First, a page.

On the ground at CppCon 2014

I’ve just returned from the week-long CppCon 2014 in Bellevue, Washington. Here’s what I experienced.

I’ve absorbed a great deal from a variety of C++ developer conferences – CppNow, Going Native, C++ And Beyond – but always virtually, via video and webcast. This was an opportunity to jump into the thick of things and participate in person. With community heavyweights like Herb Sutter and Scott Meyers in attendance I knew the content would be stimulating and informative. (Honestly, the speaker list featured nearly every name in the “C++ royalty” that you could imagine. I smiled to myself seeing Bjarne Stroustrup standing in the registration line like he was just another attendee.) So when the conference’s early-bird admission opened in March, I eagerly sent in my hard-earned dollars and blocked off the week of September eighth on my calendar.

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Unit test your private methods for great justice

The continuing dissent and confusion about unit testing of private class methods surprises me.

The access specifier is much like your choice of software license: it exists to limit consumers’ actions, not to limit yours. A method’s access specifier is completely irrelevant to testing, and only describes what you want the consumer to use; any code that takes inputs and produces outputs, private or not, should be tested.

The opponents of private-method testing tend to argue in quasi-religious terms: that private methods are mere hidden implementation details; that users of the class will only care about the public API; that testing of private methods breaks encapsulation. A typical unhelpful “solution”: private methods should be put into a different class and made public there.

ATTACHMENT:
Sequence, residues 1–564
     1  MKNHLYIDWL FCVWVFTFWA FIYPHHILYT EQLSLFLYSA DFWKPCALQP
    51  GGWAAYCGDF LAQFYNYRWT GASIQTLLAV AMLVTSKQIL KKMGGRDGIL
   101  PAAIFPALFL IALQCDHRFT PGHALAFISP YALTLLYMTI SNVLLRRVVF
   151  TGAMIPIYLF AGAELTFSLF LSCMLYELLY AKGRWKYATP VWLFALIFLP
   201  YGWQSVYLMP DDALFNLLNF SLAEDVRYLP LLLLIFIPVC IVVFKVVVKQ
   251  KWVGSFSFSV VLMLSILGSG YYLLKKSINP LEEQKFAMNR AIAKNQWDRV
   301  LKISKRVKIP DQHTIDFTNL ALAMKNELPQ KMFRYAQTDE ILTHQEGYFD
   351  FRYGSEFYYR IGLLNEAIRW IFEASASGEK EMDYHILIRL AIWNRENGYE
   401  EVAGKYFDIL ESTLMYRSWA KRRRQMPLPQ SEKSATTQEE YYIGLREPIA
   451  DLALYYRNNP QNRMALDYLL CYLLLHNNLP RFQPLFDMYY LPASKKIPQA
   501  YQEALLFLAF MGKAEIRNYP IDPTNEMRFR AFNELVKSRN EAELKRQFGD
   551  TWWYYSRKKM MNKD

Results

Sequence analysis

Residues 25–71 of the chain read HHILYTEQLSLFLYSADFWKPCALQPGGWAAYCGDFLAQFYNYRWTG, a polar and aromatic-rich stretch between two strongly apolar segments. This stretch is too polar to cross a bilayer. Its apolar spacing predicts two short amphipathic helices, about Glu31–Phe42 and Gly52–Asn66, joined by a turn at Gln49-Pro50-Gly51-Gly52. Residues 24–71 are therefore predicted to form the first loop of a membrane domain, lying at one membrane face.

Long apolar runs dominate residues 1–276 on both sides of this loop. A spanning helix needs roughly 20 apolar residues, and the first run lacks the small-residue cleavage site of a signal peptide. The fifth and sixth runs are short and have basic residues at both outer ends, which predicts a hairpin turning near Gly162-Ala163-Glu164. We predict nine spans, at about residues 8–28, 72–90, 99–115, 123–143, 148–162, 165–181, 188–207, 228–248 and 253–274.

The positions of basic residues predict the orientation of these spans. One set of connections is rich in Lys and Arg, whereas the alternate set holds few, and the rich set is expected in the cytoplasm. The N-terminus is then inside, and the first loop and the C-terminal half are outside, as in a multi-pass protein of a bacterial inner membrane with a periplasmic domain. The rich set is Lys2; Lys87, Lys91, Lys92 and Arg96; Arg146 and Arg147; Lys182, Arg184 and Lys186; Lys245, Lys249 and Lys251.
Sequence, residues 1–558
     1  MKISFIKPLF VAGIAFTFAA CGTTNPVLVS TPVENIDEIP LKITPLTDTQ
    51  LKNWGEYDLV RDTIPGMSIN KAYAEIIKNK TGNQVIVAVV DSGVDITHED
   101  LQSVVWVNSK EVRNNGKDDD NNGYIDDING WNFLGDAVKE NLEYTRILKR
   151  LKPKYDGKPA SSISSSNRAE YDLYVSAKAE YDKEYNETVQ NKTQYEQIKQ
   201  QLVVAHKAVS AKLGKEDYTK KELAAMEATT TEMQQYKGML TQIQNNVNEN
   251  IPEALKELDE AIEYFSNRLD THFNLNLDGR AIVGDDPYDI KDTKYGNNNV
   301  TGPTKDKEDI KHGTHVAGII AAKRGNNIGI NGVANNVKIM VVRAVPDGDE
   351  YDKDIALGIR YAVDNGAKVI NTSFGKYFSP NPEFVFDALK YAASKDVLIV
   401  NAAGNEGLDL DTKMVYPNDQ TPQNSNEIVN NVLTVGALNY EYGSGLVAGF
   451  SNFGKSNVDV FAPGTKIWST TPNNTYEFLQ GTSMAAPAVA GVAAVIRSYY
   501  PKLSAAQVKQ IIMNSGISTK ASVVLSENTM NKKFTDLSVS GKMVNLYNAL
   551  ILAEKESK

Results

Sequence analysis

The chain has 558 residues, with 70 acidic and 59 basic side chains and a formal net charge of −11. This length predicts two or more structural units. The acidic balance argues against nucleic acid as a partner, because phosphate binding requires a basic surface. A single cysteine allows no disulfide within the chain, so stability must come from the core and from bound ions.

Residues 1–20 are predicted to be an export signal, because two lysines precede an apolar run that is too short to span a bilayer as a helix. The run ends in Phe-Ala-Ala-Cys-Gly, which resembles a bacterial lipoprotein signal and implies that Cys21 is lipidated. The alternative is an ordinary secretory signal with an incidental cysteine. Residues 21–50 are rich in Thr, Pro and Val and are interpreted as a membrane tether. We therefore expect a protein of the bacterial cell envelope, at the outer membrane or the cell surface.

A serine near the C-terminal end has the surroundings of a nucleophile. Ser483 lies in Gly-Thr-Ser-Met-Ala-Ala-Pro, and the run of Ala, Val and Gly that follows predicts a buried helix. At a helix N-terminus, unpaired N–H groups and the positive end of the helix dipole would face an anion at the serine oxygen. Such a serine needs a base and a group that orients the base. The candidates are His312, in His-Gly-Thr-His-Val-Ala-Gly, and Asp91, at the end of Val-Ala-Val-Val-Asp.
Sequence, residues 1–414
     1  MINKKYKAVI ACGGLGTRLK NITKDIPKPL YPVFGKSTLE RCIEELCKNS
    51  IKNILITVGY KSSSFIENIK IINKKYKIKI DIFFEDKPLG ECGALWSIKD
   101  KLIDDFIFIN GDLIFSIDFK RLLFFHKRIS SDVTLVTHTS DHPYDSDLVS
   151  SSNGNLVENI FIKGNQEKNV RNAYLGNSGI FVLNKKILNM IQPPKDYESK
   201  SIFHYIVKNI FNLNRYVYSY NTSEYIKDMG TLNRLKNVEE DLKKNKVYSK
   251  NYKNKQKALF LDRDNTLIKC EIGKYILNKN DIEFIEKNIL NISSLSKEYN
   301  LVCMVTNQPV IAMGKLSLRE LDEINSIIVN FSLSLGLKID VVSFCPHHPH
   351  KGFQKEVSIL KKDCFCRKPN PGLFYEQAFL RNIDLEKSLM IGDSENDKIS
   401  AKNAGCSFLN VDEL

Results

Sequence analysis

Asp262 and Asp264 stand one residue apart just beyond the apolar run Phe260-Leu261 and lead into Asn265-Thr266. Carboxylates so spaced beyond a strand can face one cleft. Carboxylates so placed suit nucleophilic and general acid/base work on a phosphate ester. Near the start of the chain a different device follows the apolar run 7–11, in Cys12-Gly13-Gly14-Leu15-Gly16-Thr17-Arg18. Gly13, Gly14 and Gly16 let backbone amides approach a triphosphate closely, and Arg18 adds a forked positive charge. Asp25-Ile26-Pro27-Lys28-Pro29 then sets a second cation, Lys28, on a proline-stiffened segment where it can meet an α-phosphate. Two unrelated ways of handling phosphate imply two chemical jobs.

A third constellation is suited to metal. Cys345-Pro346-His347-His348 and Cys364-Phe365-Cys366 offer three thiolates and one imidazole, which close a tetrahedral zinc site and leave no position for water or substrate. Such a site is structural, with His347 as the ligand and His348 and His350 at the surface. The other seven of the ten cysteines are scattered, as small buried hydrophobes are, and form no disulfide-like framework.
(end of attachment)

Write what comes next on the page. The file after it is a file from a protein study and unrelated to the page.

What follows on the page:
To argue against granular testing of private methods is to mean well while being thoroughly unhelpful. The purpose of testing is more than just to guarantee the viability of your public interface – it is also to examine the inner machinery and support routines of your class to ensure that they themselves function correctly for a spectrum of inputs and edge cases. The private implementation will contain non-trivial complexities that are more readily and precisely tested directly than via the public API.
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Beautiful logging for Ruby on Rails 4

In a previous post I showed you a simple way to get beautiful, easy-to-read logs in your Rails 3.2 application. Rails 4 changed the game again; for Rails 3.2 or earlier, refer to my earlier post; but for Rails 4 read on…

It’s really easy. Just make a new file in your ‘config/initializers’ directory called something like ‘log_formatting.rb’ and paste into it the following code. Restart your app, and voila: pretty logs again!